Synapse posting 02

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For the Synapse list I promised to write about the successes and failures of the Souvenir project. Yesterday finally I found time, and I decided to publish a summary of my text here as well.

The project was a good opportunity to observe and test the behaviour of our sand robot. The robot is special designed to draw GPS tracks in a manner that expresses the subtle richness of GPS data. The robot draws a GPS route directly on the surface of the earth, and it results in a map drawn on the ground. The nice thing is that it works as an hourglass on wheels: the robot draws the GPS tracks, scaled both in time and in space. This way the differences in speed are also represented in the sand tracks that the robot leaves behind: a slow movement results in a thick line, and a fast movement in a thinner line… a stop results in a heap of sand.

The robot is still under development and so are the (visual) possibilities for it. I expect it will never be possible to make the robot perform as perfect as a computer screen visualization: the sand drawing will always be a subjective and partially imperfect, as we use dead reckoning for its orientation combined with an electronic compass. This decision was first made for technical reasons, but also as we wondered how much precision and perfection is actually needed to evoke the effect that we want it to have: a recognition of ones own tracks and movements: as being a memory machine of space. So we develop, step by step, out of experience, how much perfection is needed for a good enough performance, and what the needed standards are to have an experience of identification.

The tracks of the Zeeland crop farmers are very geometrical, and therefore all the deformations produced by the robot stand out merciless. In this installation we simply accepted the imperfections, and focused on making the sand drawings result in permanent mono-prints that can be sold to the audience and function as a souvenir of the agricultural part of the landscape. I developed this technique of making mono-prints recently: we run the sand tracks over sheets of paper, spray-paint over them, and remove the sand after the paint has dried. What I did not anticipate so much was the real cartographic effect of this visualization: the tracks continue from the one print into the other: just as with a set of “normal” maps. Also the fact of the tracks extending over/out of the frame of the print, as is the case with normal maps and the fact that the borders of the maps are contingently chosen parts, depending on the grit of the total amount of maps, did ad to this effect.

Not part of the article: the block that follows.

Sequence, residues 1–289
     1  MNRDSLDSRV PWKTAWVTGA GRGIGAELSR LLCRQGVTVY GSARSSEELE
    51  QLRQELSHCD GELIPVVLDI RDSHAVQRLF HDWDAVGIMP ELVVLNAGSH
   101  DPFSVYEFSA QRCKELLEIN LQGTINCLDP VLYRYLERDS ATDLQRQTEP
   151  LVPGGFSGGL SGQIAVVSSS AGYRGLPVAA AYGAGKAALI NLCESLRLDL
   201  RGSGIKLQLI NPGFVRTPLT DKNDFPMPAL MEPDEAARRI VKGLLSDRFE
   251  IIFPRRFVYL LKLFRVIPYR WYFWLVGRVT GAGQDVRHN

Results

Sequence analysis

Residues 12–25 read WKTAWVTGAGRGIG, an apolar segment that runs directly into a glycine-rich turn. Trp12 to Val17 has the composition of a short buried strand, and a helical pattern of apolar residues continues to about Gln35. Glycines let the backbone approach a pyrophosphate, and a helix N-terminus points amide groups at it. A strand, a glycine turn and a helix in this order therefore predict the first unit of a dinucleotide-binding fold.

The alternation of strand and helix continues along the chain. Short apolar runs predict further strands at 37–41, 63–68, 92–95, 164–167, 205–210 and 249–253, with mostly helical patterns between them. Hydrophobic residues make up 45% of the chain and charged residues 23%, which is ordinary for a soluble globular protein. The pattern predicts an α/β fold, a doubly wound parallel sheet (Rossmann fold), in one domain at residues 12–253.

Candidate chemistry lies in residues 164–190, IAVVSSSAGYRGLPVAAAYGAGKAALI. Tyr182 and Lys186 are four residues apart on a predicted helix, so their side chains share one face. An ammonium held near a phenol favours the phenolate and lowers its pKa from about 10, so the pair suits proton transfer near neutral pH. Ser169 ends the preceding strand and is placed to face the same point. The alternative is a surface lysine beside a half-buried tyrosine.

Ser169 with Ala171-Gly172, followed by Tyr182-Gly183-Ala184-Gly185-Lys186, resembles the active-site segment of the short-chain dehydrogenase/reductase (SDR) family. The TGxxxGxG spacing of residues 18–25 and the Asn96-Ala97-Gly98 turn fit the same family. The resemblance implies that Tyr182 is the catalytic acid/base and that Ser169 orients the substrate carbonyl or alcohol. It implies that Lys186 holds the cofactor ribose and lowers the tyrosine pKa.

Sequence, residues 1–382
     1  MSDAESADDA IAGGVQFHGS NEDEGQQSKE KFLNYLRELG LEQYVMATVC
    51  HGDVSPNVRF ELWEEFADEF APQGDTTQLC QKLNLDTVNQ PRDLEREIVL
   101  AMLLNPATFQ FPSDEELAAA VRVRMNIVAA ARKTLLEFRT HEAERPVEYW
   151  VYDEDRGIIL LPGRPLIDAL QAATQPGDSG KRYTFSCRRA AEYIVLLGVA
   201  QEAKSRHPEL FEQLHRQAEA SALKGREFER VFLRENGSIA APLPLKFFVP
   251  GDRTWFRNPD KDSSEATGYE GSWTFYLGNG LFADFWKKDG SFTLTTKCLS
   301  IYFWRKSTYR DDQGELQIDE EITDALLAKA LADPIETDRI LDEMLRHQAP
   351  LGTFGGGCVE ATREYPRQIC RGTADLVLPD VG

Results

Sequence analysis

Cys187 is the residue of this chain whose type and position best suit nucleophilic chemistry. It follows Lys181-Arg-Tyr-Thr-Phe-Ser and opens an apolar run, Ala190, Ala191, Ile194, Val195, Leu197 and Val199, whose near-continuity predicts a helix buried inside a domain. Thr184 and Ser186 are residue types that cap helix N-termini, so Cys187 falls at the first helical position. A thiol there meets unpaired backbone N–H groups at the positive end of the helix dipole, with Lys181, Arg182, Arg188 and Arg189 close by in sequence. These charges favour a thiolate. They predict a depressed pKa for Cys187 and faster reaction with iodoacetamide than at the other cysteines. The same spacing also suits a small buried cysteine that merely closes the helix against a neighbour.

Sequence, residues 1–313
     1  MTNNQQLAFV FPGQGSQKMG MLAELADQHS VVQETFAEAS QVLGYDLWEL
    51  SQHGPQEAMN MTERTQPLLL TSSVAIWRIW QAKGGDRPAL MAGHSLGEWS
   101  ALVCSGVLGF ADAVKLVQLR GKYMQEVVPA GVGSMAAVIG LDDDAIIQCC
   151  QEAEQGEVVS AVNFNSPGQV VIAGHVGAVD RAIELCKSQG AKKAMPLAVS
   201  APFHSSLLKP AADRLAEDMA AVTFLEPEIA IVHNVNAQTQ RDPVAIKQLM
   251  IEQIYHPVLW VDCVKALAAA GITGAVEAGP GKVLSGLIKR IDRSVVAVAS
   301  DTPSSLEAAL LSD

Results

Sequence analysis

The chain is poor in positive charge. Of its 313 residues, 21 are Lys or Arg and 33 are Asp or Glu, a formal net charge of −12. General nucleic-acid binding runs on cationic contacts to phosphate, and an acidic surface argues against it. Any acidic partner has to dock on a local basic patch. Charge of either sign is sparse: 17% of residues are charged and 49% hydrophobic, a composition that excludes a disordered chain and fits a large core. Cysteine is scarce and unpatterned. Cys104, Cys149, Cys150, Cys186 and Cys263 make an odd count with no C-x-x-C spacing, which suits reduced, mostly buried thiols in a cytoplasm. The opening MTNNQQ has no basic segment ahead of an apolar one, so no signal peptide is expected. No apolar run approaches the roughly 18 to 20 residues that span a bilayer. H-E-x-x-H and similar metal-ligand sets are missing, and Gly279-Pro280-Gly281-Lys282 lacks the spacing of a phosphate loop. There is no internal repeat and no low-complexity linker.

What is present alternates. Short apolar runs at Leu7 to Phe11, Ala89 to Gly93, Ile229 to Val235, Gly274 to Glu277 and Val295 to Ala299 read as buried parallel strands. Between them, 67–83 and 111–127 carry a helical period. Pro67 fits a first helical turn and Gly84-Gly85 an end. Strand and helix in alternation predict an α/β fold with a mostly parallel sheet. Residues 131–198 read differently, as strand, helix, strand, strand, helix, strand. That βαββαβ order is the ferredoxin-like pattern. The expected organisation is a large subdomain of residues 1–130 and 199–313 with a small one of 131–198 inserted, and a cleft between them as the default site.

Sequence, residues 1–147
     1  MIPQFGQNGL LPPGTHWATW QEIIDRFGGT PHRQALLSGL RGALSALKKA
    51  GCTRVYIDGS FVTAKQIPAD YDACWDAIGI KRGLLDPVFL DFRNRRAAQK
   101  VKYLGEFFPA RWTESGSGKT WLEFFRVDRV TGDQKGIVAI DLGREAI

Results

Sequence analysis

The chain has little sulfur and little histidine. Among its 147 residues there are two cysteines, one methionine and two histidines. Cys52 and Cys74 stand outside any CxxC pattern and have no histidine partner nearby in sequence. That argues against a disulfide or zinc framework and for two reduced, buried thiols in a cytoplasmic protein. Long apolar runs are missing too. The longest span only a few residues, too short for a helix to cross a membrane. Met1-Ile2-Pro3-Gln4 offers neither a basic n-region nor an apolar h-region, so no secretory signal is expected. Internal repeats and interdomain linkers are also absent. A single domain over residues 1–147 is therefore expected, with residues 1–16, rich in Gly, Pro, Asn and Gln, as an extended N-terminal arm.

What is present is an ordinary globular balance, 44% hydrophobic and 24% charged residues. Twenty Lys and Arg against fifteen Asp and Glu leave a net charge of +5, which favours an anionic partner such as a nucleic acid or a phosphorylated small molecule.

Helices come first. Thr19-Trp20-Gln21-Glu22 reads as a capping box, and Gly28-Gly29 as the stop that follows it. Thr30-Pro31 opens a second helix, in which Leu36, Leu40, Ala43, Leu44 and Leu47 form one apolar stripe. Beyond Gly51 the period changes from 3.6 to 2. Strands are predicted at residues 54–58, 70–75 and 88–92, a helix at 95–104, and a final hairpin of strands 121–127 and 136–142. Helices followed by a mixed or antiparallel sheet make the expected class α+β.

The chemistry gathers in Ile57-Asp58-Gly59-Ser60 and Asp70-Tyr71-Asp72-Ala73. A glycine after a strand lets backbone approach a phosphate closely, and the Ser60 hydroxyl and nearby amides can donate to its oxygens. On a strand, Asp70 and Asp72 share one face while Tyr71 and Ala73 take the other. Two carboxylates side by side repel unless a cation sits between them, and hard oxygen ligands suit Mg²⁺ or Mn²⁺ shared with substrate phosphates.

The mono-prints are now made in sets of 9 sheets per robot run. We planned to make a lot of prints, so we would be able to sell them relatively cheap, for the majority of the public here consists of tourists, and for a real interaction and involvement with them, a prize that competes with other souvenirs was needed.

During the opening this was tested for the first time. And it was really interesting to observe how the audience interacted in deciding if- and which print to buy. They found out pretty soon that it was nice to buy a set of two or three prints that are connected, and even got temped to buy two or three in a row. I did observe this with a growing enthusiasm: it reminded me very much of myself in process of buying maps of a new terrain to explore: I always get greedy and tempted to buy some extra maps: to buy more space, more possibilities: expecting to walk, bike or travel always further: beyond the borders of the map in my hands.

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